No Sacred Story: Reframing Abraham Lincoln in Historical Memory

AHA Session 265
Sunday, January 9, 2011: 11:00 AM-1:00 PM
Room 103 (Hynes Convention Center)
W. Fitzhugh Brundage, University of North Carolina at Chapel Hill
"Man Up, Lincoln": Gender and Image in Civic Life
Leslie J. Lindenauer, Western Connecticut State University; Martha E. May, Western Connecticut State University
Was Abraham Lincoln Gay? A History of Intense Identifications
Christopher Castiglia, Pennsylvania State University
David W. Blight, Yale University

Session Abstract

Session Abstract:
     The tepid popular response to Lincoln bicentennial celebrations and exhibits promotes a series of questions among historians, museum administrators, and other scholars.   Is Lincoln’s appeal fading, as authors Merrill Peterson and Barry Schwartz suggest?  Perhaps, as Vernon Burton recently speculated, Americans have had “too much Lincoln.” Or is Lincoln being refashioned in places and by constituencies less visible to scholars?  Deeper consideration of these questions provides historians with new avenues for exploring the processes of historical memory and the changing nature of commemoration. As Civil War scholar David Blight noted in 2002, “all memory is prelude to future reckonings”; the public appreciation of Lincoln reflects far more than heightened or diminished veneration of a once-beloved figure.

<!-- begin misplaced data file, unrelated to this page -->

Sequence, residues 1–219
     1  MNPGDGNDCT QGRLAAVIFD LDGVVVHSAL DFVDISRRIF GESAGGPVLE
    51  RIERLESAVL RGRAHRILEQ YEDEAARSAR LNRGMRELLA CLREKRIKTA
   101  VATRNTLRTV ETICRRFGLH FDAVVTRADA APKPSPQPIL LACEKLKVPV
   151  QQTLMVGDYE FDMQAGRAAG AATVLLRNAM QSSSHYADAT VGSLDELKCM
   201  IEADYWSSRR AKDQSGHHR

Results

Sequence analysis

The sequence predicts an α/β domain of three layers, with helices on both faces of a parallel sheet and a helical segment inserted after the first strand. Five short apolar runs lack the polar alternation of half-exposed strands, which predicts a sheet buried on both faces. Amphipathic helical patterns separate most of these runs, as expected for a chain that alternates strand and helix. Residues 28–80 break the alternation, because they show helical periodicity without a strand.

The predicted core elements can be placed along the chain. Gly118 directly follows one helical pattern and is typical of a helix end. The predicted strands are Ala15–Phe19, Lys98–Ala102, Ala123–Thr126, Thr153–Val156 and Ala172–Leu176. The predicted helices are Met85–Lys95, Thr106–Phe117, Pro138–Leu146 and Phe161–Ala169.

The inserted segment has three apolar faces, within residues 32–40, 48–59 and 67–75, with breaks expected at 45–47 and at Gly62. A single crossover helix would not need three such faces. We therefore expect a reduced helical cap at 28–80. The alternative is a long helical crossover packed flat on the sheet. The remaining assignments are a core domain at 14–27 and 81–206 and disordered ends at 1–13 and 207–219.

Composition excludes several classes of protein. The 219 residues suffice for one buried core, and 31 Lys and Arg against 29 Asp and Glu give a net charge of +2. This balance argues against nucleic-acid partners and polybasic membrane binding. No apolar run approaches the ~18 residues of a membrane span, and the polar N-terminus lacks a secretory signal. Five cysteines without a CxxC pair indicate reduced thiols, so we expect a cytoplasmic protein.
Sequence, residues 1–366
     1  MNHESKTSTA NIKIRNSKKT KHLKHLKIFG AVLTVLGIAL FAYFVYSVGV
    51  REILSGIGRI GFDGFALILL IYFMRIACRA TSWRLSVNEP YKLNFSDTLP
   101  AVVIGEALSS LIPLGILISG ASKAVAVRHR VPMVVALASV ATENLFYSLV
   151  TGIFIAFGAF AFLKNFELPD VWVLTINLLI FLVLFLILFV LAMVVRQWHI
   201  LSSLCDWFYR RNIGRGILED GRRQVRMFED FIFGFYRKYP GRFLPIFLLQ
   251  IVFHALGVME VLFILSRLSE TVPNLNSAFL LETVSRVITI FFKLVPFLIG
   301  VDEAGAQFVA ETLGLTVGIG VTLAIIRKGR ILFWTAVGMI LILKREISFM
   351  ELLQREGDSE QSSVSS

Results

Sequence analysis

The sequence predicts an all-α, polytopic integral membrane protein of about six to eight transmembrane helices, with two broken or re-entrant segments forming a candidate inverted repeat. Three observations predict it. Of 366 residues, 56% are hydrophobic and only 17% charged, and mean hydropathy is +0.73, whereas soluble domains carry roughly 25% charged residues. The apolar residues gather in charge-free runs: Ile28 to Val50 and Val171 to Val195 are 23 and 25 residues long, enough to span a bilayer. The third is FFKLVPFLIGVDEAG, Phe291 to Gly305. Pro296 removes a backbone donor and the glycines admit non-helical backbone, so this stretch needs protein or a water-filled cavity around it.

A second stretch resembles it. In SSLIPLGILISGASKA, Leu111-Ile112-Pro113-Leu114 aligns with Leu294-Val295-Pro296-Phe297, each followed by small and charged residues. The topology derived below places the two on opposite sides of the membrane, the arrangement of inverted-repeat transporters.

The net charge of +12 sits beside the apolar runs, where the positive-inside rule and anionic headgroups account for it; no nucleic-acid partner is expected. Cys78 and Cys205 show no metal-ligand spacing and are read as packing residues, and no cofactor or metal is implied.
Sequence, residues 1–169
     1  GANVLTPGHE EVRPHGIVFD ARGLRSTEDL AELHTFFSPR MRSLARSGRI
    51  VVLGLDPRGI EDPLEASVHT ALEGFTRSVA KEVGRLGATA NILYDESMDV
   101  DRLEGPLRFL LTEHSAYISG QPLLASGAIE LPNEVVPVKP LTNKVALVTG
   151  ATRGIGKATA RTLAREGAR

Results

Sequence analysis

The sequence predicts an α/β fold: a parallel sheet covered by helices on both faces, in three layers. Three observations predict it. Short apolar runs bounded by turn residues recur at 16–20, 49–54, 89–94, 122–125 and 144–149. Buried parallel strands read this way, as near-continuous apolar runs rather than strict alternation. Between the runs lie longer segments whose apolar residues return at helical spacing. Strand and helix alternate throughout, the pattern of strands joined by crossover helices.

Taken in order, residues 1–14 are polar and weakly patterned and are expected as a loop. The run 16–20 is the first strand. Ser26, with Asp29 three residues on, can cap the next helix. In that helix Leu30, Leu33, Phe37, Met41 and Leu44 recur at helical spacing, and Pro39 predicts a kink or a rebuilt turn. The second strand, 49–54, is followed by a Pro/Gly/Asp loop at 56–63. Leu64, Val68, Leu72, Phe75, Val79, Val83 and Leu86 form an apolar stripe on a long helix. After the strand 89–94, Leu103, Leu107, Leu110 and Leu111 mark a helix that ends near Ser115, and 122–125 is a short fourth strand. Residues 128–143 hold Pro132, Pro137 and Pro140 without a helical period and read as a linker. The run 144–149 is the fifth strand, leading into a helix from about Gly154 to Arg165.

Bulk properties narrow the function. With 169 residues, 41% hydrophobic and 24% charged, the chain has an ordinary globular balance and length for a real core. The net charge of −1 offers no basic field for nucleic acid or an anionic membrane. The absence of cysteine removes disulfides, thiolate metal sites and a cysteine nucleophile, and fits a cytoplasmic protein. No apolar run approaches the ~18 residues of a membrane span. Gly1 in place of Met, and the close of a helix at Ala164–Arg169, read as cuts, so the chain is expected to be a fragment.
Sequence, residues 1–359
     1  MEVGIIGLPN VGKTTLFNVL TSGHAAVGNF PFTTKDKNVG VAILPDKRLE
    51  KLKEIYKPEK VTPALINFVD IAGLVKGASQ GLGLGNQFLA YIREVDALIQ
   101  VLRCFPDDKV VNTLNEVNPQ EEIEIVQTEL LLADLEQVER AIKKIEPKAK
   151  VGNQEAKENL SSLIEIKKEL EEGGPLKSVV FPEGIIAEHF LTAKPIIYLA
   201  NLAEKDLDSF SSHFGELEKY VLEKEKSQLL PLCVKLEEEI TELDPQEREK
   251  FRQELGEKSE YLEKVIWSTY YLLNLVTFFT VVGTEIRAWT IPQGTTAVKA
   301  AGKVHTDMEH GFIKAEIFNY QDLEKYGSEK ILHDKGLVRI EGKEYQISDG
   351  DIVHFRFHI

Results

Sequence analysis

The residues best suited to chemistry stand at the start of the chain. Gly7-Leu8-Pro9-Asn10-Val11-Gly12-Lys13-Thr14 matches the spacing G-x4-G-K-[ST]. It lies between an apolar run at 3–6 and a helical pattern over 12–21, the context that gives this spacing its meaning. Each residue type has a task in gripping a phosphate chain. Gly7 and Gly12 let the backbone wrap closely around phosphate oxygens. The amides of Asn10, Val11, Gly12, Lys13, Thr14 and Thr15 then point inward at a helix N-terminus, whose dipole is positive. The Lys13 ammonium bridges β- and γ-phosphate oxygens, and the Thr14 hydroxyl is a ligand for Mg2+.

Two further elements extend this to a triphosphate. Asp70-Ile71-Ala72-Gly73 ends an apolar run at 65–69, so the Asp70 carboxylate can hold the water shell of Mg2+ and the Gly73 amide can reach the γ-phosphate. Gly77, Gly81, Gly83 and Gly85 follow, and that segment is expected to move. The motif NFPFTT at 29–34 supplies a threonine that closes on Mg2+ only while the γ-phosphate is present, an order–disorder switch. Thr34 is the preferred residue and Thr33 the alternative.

This panel investigates the larger issues of  historical memory through an examination of reflections on the sixteenth president by populations previously neglected by historians.  David Silkenat considers how ex-slaves characterized Lincoln in 1930s WPA interviews, and discovers a more complex reception of the “Great Emancipator.”  Leslie Lindenauer and Marcy May evaluate contemporary images of Lincoln in American popular culture, and find evidence of a reinvigorated, more masculine Lincoln.  Christopher Castiglia reviews arguments over Lincoln’s sexuality to consider how queer theory may reconfigure our perceptions of the president.   The reconsideration of Lincoln in historical memory allows us to explore the shifting significance of the President, and to discern changes in the political anxieties and hopes of modern Americans as they construct the usable past.

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